There are several printer technologies used in today's home, office and banking printers.
Dot matrix printers
, known also as impact printers
, represent the oldest printing technology, are still the widespread today, grace of it's best cost per page
ratio. Dot matrix printers are divided on two main groups: serial dot matrix printers
and line dot matrix printers
(or simply line printers
In serial dot matrix printers the characters are formed by the print head
). Such a print head has a number of print wires
) arranged in vertical columns and electro-magnetic mechanism able to shoot these wires.
There are two main printhead technologies - in the first one electromagnetic field shoots the print head's wire. In the second one, the so called permanent magnet printheads, a spring shoots the printhead wire and the magnetic field just holds the spring in stressed and ready to shoot position. When the electromagnetic field equalizes the magnetic field, the spring is released to shoot the wire. Both print head mechanisms are shown in action at the picture bellow.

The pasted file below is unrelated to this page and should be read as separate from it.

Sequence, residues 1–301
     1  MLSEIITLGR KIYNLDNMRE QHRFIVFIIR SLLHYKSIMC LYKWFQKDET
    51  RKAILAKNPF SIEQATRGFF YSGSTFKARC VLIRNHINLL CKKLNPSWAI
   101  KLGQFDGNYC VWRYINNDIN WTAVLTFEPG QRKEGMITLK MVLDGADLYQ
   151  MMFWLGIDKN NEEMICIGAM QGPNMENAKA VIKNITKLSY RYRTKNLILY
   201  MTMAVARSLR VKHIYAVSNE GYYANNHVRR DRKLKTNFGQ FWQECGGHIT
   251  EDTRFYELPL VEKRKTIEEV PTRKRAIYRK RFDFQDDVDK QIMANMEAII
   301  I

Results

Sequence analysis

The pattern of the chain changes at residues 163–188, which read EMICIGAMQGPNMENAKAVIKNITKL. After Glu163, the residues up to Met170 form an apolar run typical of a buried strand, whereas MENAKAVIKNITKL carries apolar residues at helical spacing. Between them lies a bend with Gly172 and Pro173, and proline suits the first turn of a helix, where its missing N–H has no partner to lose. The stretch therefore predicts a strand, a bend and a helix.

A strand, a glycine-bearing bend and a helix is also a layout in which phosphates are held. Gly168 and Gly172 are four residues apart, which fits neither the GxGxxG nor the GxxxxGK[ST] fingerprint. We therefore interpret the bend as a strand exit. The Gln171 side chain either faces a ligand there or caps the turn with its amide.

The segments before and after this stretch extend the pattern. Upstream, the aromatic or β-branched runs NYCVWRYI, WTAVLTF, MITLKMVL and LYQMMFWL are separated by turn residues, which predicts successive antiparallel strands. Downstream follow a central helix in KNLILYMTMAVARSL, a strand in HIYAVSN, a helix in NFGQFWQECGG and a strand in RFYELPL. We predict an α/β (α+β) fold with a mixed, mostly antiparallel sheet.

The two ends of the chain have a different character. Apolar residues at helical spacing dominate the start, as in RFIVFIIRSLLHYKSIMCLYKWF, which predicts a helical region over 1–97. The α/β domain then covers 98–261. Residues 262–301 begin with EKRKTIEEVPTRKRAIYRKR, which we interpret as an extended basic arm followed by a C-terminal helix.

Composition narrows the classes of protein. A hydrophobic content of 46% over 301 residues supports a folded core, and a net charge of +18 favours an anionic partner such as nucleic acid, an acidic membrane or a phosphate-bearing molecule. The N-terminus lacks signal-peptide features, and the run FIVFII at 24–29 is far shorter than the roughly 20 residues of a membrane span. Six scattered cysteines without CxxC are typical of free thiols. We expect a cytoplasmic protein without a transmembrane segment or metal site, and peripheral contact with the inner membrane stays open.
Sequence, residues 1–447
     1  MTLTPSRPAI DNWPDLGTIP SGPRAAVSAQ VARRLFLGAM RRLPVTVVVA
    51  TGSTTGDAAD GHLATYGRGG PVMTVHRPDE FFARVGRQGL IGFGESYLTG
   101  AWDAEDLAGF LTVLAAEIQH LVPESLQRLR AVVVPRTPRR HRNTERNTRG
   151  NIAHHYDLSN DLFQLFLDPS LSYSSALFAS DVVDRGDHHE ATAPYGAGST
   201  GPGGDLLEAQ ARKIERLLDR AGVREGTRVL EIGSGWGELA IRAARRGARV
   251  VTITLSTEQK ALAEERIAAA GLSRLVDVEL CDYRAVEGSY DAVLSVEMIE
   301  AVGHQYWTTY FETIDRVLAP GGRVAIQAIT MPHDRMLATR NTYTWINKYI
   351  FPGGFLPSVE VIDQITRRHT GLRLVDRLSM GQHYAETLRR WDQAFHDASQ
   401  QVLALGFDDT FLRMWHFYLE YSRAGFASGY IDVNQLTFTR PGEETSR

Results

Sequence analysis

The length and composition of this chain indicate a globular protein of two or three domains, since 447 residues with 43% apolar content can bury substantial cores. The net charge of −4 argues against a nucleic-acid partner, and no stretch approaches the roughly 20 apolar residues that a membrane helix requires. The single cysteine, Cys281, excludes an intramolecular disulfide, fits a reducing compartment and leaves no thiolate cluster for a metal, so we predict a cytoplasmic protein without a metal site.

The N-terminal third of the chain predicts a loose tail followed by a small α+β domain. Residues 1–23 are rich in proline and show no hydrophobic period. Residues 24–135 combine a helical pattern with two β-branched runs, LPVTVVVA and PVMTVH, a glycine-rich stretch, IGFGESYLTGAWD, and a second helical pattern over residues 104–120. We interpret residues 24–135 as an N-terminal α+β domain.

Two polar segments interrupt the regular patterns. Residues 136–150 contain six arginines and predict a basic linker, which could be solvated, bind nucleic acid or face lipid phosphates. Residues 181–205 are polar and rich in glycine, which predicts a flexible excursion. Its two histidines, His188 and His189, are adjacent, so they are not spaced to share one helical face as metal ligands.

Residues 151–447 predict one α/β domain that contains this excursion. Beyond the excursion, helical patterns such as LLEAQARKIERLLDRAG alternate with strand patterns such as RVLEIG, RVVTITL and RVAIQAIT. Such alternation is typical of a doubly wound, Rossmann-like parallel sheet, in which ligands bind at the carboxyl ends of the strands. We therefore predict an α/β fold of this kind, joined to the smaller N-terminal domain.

Dot matrix printer head mechanisms in action:
Classical printhead mechanism is showed from the left side. The permanent magnet printer head mechanism you may see at right.
In general the permanent magnet printheads are faster and are used in heavy-duty printers
. Some of the most popular print
heads of this type are: Epson
5600 and 6400, and all Oki print heads.
How the serial dot matrix printers work?
As the printer head moves in horizontal direction, the printhead controller sends electrical signals which forces the appropriate wires to strike against the inked ribbon
, making dots
on the paper and forming the desired characters.
The most commonly used printer heads has 9 print wires in one column (9-pin printheads
) or 24 print wires in two columns (24-pin printheads
), for better print quality. In some heavy-duty dot matrix printers there are also used 18 wire print heads (18-pin printheads
) which have 2 columns, 9 wires in each.
The printing process
of a 9-pin printer head is shown at the picture bellow:
Serial 9-pin dot matrix printer in action
The distance between wires in column may give us the vertical printing resolution
. For example: 9 wire print head with distance 0.35 mm between adjacent wires will result in 25.4/0.35=72.5 dots/inch
(dots per inch DPI
) vertical printing resolution for one pass printed line of characters. 24 wire print heads has 2 columns - 12 wires in each, with a vertical displacement of ½ step. So if the distance between adjacent wires is 0.21 mm, then one column will print with 25.4/0.21=120.9 dots/inch (DPI) vertical resolution, but since the second column print between the dots printed from the first one, the overall vertical resolution will be 240 DPI
. Please note that the first laser printers
released on the market had the same resolution.